Ten adults with independent walking function enrolled in the study. One withdrew before commencing because participation was too burdensome. Nine participants came to the pre-test, seven of whom were classified as hemiplegic and GMFCS I, and two of whom were classified as diplegic and GMFCS II (Table 1). None of the participants had previous experience with ballistic training.

Table 1 Participant characteristics

Ethical approval was granted by the Regional Committees for Medical and Health Research Ethics of West Norway (REK-No. 2018-2390) and all volunteers signed a written informed consent before the study intervention. The study was carried out according to the latest revision of the declaration of Helsinki.

Intervention

The participants conducted three ballistic exercises targeting ankle plantarflexors twice a week for eight weeks in the rehabilitation laboratory at the University College. An additional home exercises was introduced in week five. Optimal dosage is not established in adults with CP, however frequency (2–3 times per week) and duration (8–10 weeks) is suggested as guidelines when improving muscle power in young adults with CP [10]. All supervised training in the lab started with a general warm-up of either indoor cycling or treadmill walking. Three exercises were performed lying on an inclined glideboard supervised by trained personnel (Total Gym RS Encompass PowerTower®): (a) jump squats, (b) single leg hopping on the paretic leg and (c) bounding on alternating legs. We aimed to incorporate task specific training by closely monitoring exercise performance in each training session with a prioritised list of progression rules of skill acquisition, speed, and the range of motion. After midstance, the ankle moves from dorsiflexion (10°) to plantarflexion (20°) [22]. The load was increased once these performance criteria were met. Participants were encouraged to complete as many repetitions as possible within five minutes. If the exercises were not performed with quality, the load was considered too high. A quality check of muscle activation was to palpate the gastrocnemius muscle during the exercise. This is relevant since a commonly observed challenge was that the knee-extensors compensated for the weak ankle plantarflexors. This was a bigger problem at the beginning of the intervention when the participants needed much more feedback. Therefore, breaks were initiated either by the participant or researcher/training supervisor if ankle plantarflexor technique and or coordination deteriorated. The glideboard incline and number of repetitions, and type of assistance for each session, were recorded. For a detailed description of the exercises, see Appendix 2 in Hendrey et al. [17].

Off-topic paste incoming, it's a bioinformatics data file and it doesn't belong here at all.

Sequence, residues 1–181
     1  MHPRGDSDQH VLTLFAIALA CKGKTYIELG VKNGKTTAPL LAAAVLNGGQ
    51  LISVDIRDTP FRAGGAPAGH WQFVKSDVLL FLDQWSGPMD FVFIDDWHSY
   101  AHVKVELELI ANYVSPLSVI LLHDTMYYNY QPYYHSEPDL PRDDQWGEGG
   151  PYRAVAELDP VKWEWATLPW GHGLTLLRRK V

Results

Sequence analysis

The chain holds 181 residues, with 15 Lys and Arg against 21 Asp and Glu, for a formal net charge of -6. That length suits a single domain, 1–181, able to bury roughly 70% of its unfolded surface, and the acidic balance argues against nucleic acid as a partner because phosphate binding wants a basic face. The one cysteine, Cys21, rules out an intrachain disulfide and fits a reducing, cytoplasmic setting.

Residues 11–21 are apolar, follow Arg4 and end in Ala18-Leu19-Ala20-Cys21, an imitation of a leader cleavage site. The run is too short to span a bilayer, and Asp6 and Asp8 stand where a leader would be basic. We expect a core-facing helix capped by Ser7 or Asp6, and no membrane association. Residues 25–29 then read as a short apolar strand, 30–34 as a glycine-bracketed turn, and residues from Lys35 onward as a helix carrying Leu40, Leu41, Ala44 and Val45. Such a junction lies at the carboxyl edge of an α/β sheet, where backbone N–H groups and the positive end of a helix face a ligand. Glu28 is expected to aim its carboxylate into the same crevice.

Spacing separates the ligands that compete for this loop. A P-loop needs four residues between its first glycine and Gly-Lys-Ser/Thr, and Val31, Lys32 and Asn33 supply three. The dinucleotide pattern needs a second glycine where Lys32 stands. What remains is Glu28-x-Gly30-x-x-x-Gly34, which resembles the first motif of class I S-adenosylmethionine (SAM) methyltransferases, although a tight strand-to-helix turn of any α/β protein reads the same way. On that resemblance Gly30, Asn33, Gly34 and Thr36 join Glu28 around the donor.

At week five a home exercise was introduced to the participants. The exercises targeted the hip flexor power generation, the second most important muscle group for power-burst in forward propulsion relevant for walking [8]. Demonstration of the home exercises and videos explaining the performance were provided to the participants. Moreover, they were asked to report the home training in a training diary. Three exercises were chosen from a progressive list, e.g., knee lift, claw or triplings, and were instructed to perform three sets of 12 repetitions and report them in the training diary. Although the hip, knee and ankle power contributions are relatively similar across walking speeds [23], hip flexor weakness is found to impact gait [24] and this is why we chose to target these. The home exercises were inspired by athlete exercises task-specific to develop hip flexor power in running, with focus on rapid excursions. Which is why we chose to target these. The home exercises were inspired by athlete exercises task-specific to develop hip flexor power in running, focusing rapid excursions.

Demonstration to the home exercises and videos explaining the performance were provided to the participants. Moreover, they were asked to report the home training in a training diary. Three exercises were chosen from a progressive list, e.g., knee lift, claw or triplings, and were instructed to perform three sets of 12 repetitions and report them in the training diary. Although the hip, knee and ankle power contribution are relatively similar across walking speeds [23]; hip flexor weakness is found to impact gait [24] and this is why we chose to target these. The home exercises were inspired by athlete exercises task-specific to develop hip flexor power in running, with focus on rapid excursions.